As Hindus including myself celebrated Vijayadasami last week, protests were raging against the entry of women into the Sabarimala temple to Lord Ayyappa in Kerala following the Supreme Court verdict that ended restrictions on the entry of females between the age of 10 and 50, approximating to the span when women have menstrual periods. While I struggled to make sense of the judgment and the protests, I stumbled on an insightful tweet from Cas Mudde, one of the world's finest political scientists, that said, "Main difference in freedom of religion in France and United States: In the US the main aim is to keep the state out of religion. In France, the main aim is to keep religion out of the state. Says a lot about the state's priorities..."
Main difference in freedom of religion in France and United States:
In the US the main aim is to keep the state out of religion.
In France the main aim is to keep religion out of the state.
Says a lot about the state's priorities...
— Cas Mudde ? (@CasMudde) October 19, 2018
My view is that India is a bit like France and a bit like the US. On the one hand, we have laws against cow slaughter that essentially enforce Hindu beliefs in a multi-religious society, implying a religious intervention in state laws. On the other hand, we have had the Supreme Court verdict declaring women and men as equals in entering the Sabarimala shrine that involves a clear state intervention in matters of religion.
If secularism means the separation of religion from state, we seem to be failing on both counts. But I believe there is a case for state and religion to co-engage to the extent possible to make the country a better place. In that sense, as review petitions pile up before the Supreme Court seeking the restoration of status quo on the ban of women in the Sabarimala temple, I do not take a simplistic view that women should be banned or that they should be allowed into the Sabarimala temple. This is because every religion, be it Hinduism, Sikhism, Islam or Christianity, has essentially three layers: the spiritual, the mystical and the social. It is important to understand the philosophy and principles underlying religious beliefs and not just practices, customs and rituals, for us to arrive at a truly fair middle ground where religion and state can co-exist in harmony.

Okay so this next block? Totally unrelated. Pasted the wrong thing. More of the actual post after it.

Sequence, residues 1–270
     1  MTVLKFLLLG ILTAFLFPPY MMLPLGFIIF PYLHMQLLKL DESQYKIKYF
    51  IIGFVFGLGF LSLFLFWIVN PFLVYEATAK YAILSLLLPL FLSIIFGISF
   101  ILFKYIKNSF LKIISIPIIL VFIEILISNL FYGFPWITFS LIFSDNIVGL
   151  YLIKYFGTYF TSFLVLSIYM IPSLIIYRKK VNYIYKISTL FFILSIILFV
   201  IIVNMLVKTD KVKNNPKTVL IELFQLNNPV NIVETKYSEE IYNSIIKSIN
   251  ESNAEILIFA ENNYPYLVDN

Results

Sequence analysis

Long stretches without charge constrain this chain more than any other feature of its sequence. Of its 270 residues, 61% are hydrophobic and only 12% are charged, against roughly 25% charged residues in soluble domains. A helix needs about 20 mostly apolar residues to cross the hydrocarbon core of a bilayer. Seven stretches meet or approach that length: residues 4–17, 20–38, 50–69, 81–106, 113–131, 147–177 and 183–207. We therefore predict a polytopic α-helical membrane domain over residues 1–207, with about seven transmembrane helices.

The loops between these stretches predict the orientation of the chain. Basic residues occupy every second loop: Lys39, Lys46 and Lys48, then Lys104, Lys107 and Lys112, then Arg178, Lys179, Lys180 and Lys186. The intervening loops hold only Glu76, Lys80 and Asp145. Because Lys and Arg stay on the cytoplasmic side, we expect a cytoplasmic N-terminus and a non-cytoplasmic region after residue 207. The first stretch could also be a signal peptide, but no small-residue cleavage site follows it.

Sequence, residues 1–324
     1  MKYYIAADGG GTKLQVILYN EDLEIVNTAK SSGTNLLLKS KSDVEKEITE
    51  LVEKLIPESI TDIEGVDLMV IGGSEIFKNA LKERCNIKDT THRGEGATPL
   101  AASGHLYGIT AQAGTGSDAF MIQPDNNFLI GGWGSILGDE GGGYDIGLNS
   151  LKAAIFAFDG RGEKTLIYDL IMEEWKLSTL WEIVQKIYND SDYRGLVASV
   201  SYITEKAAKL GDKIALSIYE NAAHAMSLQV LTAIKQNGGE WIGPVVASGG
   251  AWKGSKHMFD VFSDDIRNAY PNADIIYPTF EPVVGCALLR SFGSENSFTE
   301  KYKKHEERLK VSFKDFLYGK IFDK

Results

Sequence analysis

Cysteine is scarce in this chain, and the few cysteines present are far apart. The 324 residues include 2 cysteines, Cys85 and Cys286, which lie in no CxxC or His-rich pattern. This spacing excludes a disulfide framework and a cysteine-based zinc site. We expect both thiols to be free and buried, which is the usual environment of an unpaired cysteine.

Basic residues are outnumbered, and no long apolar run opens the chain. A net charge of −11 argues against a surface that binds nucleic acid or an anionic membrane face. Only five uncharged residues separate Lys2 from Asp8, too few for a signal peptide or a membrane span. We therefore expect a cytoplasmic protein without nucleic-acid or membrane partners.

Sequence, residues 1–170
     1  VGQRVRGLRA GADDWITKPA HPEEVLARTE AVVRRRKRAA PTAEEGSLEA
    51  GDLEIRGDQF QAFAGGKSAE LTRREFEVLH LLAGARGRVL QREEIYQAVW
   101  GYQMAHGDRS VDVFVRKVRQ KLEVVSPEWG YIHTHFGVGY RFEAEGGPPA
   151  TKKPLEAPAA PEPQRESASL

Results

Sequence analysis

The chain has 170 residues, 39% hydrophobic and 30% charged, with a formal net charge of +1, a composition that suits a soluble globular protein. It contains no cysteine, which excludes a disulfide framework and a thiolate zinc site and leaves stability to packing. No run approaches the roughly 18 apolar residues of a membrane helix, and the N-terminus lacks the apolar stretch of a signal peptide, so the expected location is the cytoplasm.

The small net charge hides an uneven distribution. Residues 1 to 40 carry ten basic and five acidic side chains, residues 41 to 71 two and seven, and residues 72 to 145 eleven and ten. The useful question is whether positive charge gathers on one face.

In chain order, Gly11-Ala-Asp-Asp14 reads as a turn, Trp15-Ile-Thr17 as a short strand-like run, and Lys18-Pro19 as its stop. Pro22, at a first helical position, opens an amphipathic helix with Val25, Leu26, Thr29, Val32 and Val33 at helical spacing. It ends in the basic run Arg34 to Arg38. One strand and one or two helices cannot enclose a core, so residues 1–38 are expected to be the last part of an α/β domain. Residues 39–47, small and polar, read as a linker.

Some commentators believe that "Law is above faith" but that goes against the spirit of the Constitution that is democratic in character and in which the Right to Worship and Right to Freedom of Speech and Expression are essential features. We also have now the Supreme Court recognising the Right to Privacy as a fundamental right. It is possible to recognise a pilgrimage as an act of collective worship based on common beliefs that need a collective right to privacy in ordained places. A shrine need not be a public property in the sense of a municipal park or a highway to have equal rights to access. In fact, the Supreme Court's privacy ruling also notes that "personal choices governing a way of life are intrinsic to privacy." A religious tradition may be included in that category.
However, it is important to examine principles underlying belief systems. Just as the police have a right to break into a party where banned drugs may be used, the law has the right to examine privacy and worship to the extent that it sees the nature of the engagement as constitutionally legitimate.